There’s a slightly beetlish quality about the Hipercar’s cabin-rear silhouette. The cockpit could almost be sitting behind a compact, front-mid-mounted V8 engine if you didn’t know better. Instead, however, there’s a 220kW electric motor for each of its individual drive wheels; a 62kWh battery under the cabin floor; a tremendously complicated multi-circuit cooling system for the car’s various heat sources; and what looks to all the world like a tiny rocket booster sticking naughtily out of that perky rear end.
“That’s the gas turbine range extender,” says Saunders, “and I’m afraid we can’t demonstrate it for you today. Our supplier isn’t quite happy with its refinement yet, so they’ve asked us not to run it. When it’s working, though, it does sound a bit like a jet engine, which justifies all the styling references, we hope!” For now, we’ll just have to take the man’s word for it.
It feels odd to be opening a door on an Ariel at all, and stranger still finding comfortable leather seats, three-point belts and, err, a windscreen once you have. This is more of a fully fledged sports car than an Atom might ever be, of course, and Saunders is clear about the added usability and convenience that will be expected of it.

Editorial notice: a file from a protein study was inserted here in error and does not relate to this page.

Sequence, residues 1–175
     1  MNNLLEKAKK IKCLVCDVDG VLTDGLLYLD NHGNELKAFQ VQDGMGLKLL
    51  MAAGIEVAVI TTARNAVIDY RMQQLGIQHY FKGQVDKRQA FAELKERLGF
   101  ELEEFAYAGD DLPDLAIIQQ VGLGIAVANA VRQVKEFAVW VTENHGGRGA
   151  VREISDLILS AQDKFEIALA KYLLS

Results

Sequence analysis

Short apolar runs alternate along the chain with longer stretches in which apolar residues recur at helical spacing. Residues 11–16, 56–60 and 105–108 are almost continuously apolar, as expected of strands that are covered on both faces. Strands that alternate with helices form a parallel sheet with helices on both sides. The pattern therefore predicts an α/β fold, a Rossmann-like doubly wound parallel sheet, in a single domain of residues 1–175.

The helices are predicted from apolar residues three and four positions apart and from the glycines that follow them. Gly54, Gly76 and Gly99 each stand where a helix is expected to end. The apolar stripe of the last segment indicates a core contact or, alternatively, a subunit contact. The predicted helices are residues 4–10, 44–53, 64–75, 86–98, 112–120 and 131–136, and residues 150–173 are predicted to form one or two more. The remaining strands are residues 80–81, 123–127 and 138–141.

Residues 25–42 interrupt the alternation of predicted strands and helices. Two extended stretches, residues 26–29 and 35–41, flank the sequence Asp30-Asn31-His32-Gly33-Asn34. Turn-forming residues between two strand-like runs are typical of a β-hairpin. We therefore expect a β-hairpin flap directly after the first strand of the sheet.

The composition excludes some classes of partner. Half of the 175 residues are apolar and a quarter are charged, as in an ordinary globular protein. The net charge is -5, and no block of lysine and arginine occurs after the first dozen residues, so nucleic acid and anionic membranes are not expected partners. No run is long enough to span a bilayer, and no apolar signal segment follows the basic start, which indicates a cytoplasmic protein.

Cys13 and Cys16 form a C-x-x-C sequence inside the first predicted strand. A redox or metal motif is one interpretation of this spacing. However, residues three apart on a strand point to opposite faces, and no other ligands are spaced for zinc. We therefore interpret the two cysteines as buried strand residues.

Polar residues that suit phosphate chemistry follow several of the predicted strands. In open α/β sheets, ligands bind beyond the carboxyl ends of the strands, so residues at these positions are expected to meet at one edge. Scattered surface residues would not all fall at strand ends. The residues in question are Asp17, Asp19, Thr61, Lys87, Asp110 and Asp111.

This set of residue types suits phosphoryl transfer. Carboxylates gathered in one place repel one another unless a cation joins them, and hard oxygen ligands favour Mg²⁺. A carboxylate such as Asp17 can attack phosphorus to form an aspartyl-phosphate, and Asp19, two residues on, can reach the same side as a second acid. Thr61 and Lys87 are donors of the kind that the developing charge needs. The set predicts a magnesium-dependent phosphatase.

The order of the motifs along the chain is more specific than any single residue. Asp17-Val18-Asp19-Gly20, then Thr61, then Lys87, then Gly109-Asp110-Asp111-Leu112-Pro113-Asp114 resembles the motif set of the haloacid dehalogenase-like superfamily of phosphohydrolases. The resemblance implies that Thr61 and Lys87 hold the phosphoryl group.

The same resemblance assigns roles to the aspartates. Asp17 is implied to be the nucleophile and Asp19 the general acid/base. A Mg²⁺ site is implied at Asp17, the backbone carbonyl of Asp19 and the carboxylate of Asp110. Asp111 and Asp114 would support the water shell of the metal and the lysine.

The sills are wide but easy to vault over. Visibility is great forwards, although that turbine range extender forbids any potential for a rearview mirror corridor. Otherwise, this is the interior of an unfinished prototype quite lovely in its spartan specification, although the finished product will look and feel much more inviting. (Note to the Ariel design department: if it doesn’t have a missile-trigger-style activation button for that range extender, a trick has been missed.)
Finished versions should be quieter, too. I reach up onto the flight panel-like roof console, select drive, squeeze the accelerator and trundle my first few feet. The absence of chassis insulation is very apparent, but the unadulterated, unfiltered noise of an electric motor at each corner is actually really interesting on the ear. Here’s hoping they keep plenty of that in the car’s audible mix.
Surely it’s much too early for Ariel to have done any artificial sound tuning with these motors? Either way, as you move off, the car issues to the world outside a low, bassy hum that’s somehow enticing and menacing in equal measure.
From within, that low pulsing throb is less apparent. You just hear the whining of rotors, and the distant, high-frequency scream of high-voltage current, as you accelerate – and the flicking and pinging of rubber and stones picked up by the car’s Michelin Pilot Sport Cup 2 tyres and thrown at the underside of the aluminium tub.